You can actually hook up your credit card. You can pay with PayPal or you can actually do direct bank transfers into the exchanger to convert to virtual currency types. The next one we'll look at is Etoro. It was founded out of Tel Aviv Israel these are a couple of the top Exchangers as you see they have access to a couple more coins they have Dash and Monero and Ethereum and Ethereum classic, Ethereum classic was another fork that occurred. Again these guys operate out of Israel. Now they may have clients here in the United States. Again if they do have clients in the United States they are subject to the KYC the know your customer rules as any other bank is, as well. Now, another possible way to get and transact money is through effectively called Bitcoin ATMs. They are really not an ATM it's more of a kiosk than an ATM because an ATM has the connotation that it's hooked up to an account. And a Bitcoin ATM is not necessarily hooked up to an account. You're actually exchanging through the ATM your bitcoins for cash or vice versa putting cash in and getting bitcoins back out. So the first one opened in 2013 in Vancouver, Canada, 81 transactions occurred on that day and almost $10,000 exchanged. Now the other interesting thing is the ATMs themselves are an exchanger, as well. So they are required to follow the know your customer requirements, as well. And they have been gaining in popularity and even celebrities have been getting involved with promoting and backing Bitcoin ATMs. This particular one with Mike Tyson, which was opened in 2015, is located in Las Vegas, Nevada. Now Bitcoin ATMs themselves have been on an increase significantly over the past few years. We're over 2500 ATMs now with 2 ATMs going per day. And again, this is according to coin Now it's not necessarily 100% up to date but it gives a pretty good idea as to where you can find about Bitcoin ATMs and where you can transact them but it is not an all-inclusive list. There are definitely more Bitcoin ATMs out there and again these locations kind of change as we go, too. So if we look at a map across the world as to where a majority of these Bitcoin ATMs are located, as you can see, a lot of them are located in the United States. But there are a significant number located in other countries. Now, other countries don't have the same know your customer requirements that we do. And so that leads to potential criminal activity in that you could have someone in another country that doesn't have the same requirements that we do. Where they upload a lot of cash into an ATM and then immediately transfer that value to someone in the United States that is one potential way that people use these types of transactions to avoid the currency reporting requirements that the United States has. We're going to talk a little bit about the keys I mentioned before. This is the same thing as the address on a bitcoin itself and a great way to think about it is you have a public key and a private key with those two things that's how you transact your bitcoins. With that -- actually I take it back, it looks like we have another polling question here. PHILIP YAMALIS: Yeah, I think we have another polling question here we'll get it out of the way quickly because it was discussed in the previous segment but the third polling question is what is a way that you can get bitcoins? What do you think the correct answer is, folks, is it A, mining, B, exchanger, C, direct purchase, d, all of the above? Take a minute click on the radio response button that you believe most closely answers the question. Again, what's the way you can get bitcoin? Via mining, via exchanger, C, direct purchase, or D, all of the above. Take a few seconds here. All right. Let's go ahead and stop the polling now sir and let me share the correct answer on the next slide. Next slide. And the correct answer is D, all of the above. All right. So let's see how many of our respondents answered that correctly. And that number just got thrown at me wow man. James you're doing a phenomenal job 99% of our audience answered that so I'll go ahead and get you back to talking about the wallet keys. JAMES DANIELS: All right excellent. Thank you. So like I had talked before about the bearer instrument in order to make it actually a bearer instrument you need complete control of it and you have a public and private key. A great way to think about a public key and private key is the public key would be the equivalent to the address of your house. Anyone can see it. No different than the address on the house in Google Maps. This is the address you use to exchange back and forth if I wanted somebody to send money to me I can give them this address and they knew where to send the money. Now I would keep that quote-unquote money in my house the only way I can access it in my house is with the actual physical key like I use at my house to get into it. If someone has both of those things, they know where to go and with the private key they know how to get into it. So that's why those two things are kept separately one you have the address to your house and two you have the key to actually open it and transact it. One thing that helped people out a lot rather than having to remember the public and private keys all the time are something called Bitcoin wallets or wallets in general, virtual currency wallets. The virtual currency wallet basically helped manage all of your bitcoins for you so think of it literally like a real wallet in the fiat currency we talked before about in that I could have a $5 bill, $1 bill, and a $20 bill. Each one of those bills fit into my wallet. The Bitcoin wallet works the exact same way I may have a couple different sets of bitcoins that are all stored within this wallet. Now this wallet then allows me to transact back and forth and it keeps track of the public and private keys for me. Now there are lots of different kinds of wallets. There's actually five different kinds on this first page we'll take a look at you have mobile wallets which is they basically store onto my phone. You have hardware wallets which I'll have a picture of in a little bit. Web wallets where you access them through the Internet only and desktop wallets which is you interact them only on a particular computer. So web wallets, like I said before, there are advantages and disadvantages to each. Having a web wallet I can get to it from any computer. But at the same time that means I have to have access to the Internet in order to transact. Disadvantages is you're susceptible to potentially phishing scams malware or Internet attacks that occur on those types of web pages.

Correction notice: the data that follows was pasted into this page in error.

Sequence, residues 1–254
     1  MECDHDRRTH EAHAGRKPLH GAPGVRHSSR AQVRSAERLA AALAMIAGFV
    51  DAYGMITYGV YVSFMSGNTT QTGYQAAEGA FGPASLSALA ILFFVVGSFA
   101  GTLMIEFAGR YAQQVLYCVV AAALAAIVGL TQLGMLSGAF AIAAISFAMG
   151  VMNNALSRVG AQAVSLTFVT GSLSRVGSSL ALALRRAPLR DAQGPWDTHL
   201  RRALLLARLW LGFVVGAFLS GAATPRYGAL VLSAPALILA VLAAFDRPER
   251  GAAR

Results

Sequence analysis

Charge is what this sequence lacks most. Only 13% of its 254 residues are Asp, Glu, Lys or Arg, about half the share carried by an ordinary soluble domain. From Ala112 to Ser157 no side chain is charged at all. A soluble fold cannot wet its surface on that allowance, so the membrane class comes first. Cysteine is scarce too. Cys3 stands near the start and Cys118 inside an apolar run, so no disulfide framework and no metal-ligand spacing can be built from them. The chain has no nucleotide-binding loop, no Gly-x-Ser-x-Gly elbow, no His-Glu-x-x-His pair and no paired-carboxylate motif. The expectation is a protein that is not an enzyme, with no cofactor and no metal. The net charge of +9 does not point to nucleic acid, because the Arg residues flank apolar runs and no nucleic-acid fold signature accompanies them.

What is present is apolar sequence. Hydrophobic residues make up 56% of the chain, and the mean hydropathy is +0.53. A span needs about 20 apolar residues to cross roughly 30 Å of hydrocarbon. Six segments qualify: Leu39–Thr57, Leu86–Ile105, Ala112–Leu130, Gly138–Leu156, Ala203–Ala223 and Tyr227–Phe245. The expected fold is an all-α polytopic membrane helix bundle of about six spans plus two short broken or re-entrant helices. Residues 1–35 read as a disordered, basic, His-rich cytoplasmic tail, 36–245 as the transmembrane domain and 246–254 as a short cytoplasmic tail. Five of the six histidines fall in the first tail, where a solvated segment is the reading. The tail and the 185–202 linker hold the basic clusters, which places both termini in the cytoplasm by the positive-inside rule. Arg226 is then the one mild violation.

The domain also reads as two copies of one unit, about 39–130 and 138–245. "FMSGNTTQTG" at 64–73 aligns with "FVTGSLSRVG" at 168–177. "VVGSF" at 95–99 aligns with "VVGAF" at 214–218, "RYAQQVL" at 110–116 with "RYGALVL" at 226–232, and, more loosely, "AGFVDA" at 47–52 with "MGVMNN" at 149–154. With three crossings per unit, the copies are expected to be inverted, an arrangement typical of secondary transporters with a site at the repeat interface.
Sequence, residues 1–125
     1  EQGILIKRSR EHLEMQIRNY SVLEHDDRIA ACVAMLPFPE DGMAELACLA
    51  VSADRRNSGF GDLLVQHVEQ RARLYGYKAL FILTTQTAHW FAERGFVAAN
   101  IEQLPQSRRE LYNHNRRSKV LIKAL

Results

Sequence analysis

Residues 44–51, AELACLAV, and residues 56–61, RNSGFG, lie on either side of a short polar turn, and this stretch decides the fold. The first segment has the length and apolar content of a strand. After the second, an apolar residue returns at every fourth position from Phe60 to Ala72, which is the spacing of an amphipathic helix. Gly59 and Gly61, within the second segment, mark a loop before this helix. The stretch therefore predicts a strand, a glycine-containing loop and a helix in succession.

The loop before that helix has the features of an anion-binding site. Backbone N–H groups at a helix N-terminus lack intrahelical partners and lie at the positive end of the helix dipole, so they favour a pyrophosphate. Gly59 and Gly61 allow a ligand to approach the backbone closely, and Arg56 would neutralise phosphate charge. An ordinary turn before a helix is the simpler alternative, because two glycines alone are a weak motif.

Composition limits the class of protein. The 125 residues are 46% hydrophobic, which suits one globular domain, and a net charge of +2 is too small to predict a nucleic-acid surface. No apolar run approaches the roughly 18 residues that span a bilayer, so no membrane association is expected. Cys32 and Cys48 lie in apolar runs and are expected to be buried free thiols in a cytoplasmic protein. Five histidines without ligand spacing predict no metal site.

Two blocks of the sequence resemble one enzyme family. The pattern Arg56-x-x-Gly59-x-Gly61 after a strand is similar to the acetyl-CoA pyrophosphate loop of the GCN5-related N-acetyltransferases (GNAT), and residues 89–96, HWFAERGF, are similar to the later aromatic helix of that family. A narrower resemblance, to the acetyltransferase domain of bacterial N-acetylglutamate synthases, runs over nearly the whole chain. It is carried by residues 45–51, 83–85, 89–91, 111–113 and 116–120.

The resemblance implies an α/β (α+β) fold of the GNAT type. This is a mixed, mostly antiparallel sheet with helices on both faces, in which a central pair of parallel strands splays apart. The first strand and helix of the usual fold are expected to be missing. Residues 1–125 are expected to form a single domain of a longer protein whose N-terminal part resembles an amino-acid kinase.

Another type you have a mobile wallet this is where I actually carry the wallet on my phone and it's a lot easier to use I can carry it around I can take it anywhere with me. Some potential disadvantages of it if you didn't back up your phone and your phone breaks or crashes or whatever else, you will probably need -- you're going to potentially run into losing your entire wallet depending upon how you have it stored. But it's just another good example. The next one is going to be desktop wallet this is where it's actually stored on your physical computer itself. Now that would mean you have to take the computer around with you and those kind of things but it also allows you to store it in a potentially secure place that nobody can get access to. But again another problem with it if your computer dies or computer breaks and you can't get back into it your wallet is gone. The easiest way to think about it if I have a $1 bill and I lost my wallet in the ocean and it sunk to the bottom, it's gone. Bitcoins work the exact same way. If they are lost or you lose or misplace the keys they are gone forever now the bitcoins are still out there they are still in existence but nobody can transact with them. The next one is a hardware wallet and these come in a different -- in different kind of shapes and sizes some look like thumb drives some look like tiny little calculators but they all effectively still do the exact same thing. It's a little bit more secure way you can actually have passwords in order to get in so no one can transact without your knowledge. Some of them plug into a computer and allow you to do the transaction.